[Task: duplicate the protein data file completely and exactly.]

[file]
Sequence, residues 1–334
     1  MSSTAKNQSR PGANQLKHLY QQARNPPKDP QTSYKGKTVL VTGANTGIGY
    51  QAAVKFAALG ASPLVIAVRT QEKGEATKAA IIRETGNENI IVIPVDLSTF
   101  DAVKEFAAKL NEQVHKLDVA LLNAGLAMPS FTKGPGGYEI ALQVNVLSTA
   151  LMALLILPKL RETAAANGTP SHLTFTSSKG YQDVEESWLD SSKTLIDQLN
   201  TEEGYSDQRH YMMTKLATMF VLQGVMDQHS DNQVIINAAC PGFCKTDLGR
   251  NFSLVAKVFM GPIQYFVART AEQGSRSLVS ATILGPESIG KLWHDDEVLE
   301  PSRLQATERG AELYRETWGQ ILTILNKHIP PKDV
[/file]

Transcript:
Sequence, residues 1–334
     1  MSSTAKNQSR PGANQLKHLY QQARNPPKDP QTSYKGKTVL VTGANTGIGY
    51  QAAVKFAALG ASPLVIAVRT QEKGEATKAA IIRETGNENI IVIPVDLSTF
   101  DAVKEFAAKL NEQVHKLDVA LLNAGLAMPS FTKGPGGYEI ALQVNVLSTA
   151  LMALLILPKL RETAAANGTP SHLTFTSSKG YQDVEESWLD SSKTLIDQLN
   201  TEEGYSDQRH YMMTKLATMF VLQGVMDQHS DNQVIINAAC PGFCKTDLGR
   251  NFSLVAKVFM GPIQYFVART AEQGSRSLVS ATILGPESIG KLWHDDEVLE
   301  PSRLQATERG AELYRETWGQ ILTILNKHIP PKDV